Table A2. An overview of the average performance indicators, average annual CO2 emissions, average annual CO2 emission intensities, and some other related information for the existing Serbian CPPs [6].
No.CPP * and Commencement of OperationInstalled Electricity Generation Units and Their PowersAverage Electrical EfficiencyThermal EnergyAverage Fuel ConsumptionAverage Annual Number of Operation Hours Average Annual CO2 Emissions **Average Annual CO2 Emission Intensity **
BasicSecondary
LigniteMazutNaphtha
mLmMmN
MW%MWtht/ht/ht/hh/yMt CO2/yg CO2/kWh
1Nikola Tesla A, 1970–19792 × 210 + 1 × 329 +
1 × 308.5 + 1 × 340
+ 1 × 347.5 = 1745
32.61 197.625102.405918.210.0971113.4
2Nikola Tesla B, 1983–19852 × 650 = 130034.37017702.57106659.18.031055.6
3Kolubara A, 1956–19793 × 32 + 1 × 65+
1 × 110 = 271
29.77120493.500.7352634.90.8311218.1
4Morava, 19691 × 125 = 12534.5801700.4590.1392962.50.4011046.7
5Kostolac A,
1967–1980
1 × 100+1 × 210 =
310
31.5813041000.2317057.12.2841150.4
6Kostolac B,
1987–1991
2 × 348.5 = 69735.9308000.77606920.64.3791010.7
Sum44484476153.56.2061.10526.022
* All CPPs listed in this table belong to the PE EPS. ** For each CPP, it is assumed that the average annual CO2 emissions and average annual CO2 emission intensity for any future year shall correspond to the averages obtained for the period from the beginning of 2015 to the end of 2019, using the proposed calculation method.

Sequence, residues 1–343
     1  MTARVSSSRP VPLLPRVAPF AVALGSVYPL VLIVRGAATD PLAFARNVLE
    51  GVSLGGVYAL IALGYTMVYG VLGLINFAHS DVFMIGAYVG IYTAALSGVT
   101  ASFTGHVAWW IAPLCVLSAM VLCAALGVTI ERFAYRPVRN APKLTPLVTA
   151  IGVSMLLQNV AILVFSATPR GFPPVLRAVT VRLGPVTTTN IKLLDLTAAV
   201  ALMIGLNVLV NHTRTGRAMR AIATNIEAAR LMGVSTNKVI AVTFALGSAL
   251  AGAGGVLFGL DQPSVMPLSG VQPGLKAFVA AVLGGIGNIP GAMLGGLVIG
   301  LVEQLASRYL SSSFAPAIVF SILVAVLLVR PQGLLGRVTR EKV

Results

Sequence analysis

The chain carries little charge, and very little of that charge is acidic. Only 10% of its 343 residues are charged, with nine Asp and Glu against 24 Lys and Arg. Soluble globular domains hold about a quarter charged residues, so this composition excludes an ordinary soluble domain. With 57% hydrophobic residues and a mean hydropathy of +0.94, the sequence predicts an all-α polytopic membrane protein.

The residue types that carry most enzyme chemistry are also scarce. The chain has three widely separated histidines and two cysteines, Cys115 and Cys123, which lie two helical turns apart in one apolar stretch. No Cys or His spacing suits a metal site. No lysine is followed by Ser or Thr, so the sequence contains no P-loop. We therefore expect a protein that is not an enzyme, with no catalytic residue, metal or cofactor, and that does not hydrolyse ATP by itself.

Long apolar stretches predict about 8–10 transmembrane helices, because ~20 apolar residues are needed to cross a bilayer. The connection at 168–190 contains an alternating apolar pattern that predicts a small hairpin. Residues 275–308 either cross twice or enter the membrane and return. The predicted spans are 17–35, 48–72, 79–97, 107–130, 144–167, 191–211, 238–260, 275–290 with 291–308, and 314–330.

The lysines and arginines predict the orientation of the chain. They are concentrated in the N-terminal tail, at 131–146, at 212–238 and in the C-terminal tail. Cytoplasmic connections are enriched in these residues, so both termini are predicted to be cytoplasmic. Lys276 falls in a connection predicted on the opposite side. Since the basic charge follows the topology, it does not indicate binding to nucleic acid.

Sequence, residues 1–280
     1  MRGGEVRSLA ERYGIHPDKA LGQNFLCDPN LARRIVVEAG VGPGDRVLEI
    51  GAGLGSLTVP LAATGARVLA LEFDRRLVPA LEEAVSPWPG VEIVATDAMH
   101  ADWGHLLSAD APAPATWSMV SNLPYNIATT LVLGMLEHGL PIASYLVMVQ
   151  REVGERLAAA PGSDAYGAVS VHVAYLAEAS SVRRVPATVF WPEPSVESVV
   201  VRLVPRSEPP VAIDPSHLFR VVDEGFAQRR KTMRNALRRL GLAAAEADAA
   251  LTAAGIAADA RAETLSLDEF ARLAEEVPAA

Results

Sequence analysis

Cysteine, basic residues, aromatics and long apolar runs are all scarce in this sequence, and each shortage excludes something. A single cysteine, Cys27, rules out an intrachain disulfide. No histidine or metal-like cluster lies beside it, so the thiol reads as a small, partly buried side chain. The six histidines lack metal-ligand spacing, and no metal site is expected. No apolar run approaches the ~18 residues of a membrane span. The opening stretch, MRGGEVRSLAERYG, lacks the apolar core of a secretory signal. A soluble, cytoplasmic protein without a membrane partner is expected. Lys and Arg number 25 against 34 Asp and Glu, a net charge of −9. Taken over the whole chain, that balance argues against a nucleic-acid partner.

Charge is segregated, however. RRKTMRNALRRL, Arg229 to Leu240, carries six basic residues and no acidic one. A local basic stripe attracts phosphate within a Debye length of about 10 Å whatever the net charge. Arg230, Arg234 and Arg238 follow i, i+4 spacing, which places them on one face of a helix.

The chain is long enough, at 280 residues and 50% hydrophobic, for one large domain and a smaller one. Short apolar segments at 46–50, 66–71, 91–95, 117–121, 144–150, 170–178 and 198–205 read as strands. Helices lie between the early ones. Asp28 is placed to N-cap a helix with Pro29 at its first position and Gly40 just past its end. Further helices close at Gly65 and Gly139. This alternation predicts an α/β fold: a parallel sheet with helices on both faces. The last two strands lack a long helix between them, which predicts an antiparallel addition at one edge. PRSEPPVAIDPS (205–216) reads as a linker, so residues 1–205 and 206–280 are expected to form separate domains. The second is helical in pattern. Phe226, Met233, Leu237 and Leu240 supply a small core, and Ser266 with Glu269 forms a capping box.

According to Table A2, the average values of IEa for the existing Serbian CPPs range between 1010.7 (in the case of CPP Kostolac B) and 1218.1 g CO2/kWh (in the case of CPP Kolubara A). In addition, according to Table A3, the average values of IEa for the existing Serbian NGPPs range between 459 (in the case of NGPP Zapad) and 774.2 g CO2/kWh (in the case of NGPP Novi Sad). It is also evident that these increases in IEa coincided with a reduction in the electrical efficiency ηel of the CPPs in Table A2 and of the NGPPs in Table A3, regardless of the commencement date of operation. When definition (A12) takes into account heat generation, it becomes apparent that IEa can have a significantly lower value when compared to the corresponding value from Table A2 or Table A3. This applies to each CPP or NGPP that generates both electricity and heat. This could certainly be the topic of a future study.
Table A3. An overview of the average performance indicators, average annual CO2 emissions, average annual CO2 emission intensities, and some other related information for the existing Serbian NGPPs [6,73].
Table A3. An overview of the average performance indicators, average annual CO2 emissions, average annual CO2 emission intensities, and some other related information for the existing Serbian NGPPs [6,73].
No.NGPP * and Commencement
of Operation
Installed Electricity Generation Units and Their PowersAverage Electrical EfficiencyThermal EnergyAverage Fuel ConsumptionAverage
Annual
Number of Operation Hours
Average Annual
CO2 Emissions
Average
Annual CO2 Emission Intensity
NG
mNG
MW%MWthSm3/hh/ykt CO2/yg CO2/kWh
1Sremska Mitrovica, 19771 × 32 = 3230339453 **0 ****0 ****673.2
2Novi Sad,
1981–1984
1 × 135 + 1 × 110 = 24526.0935553047.7 ***1361.9138.612 *****774.2 *****
3Zrenjanin, 19891 × 120 = 1203214019693.8 ***0 ****0 ****631.1
4Toplana KC (heating plant in the City of Belgrade),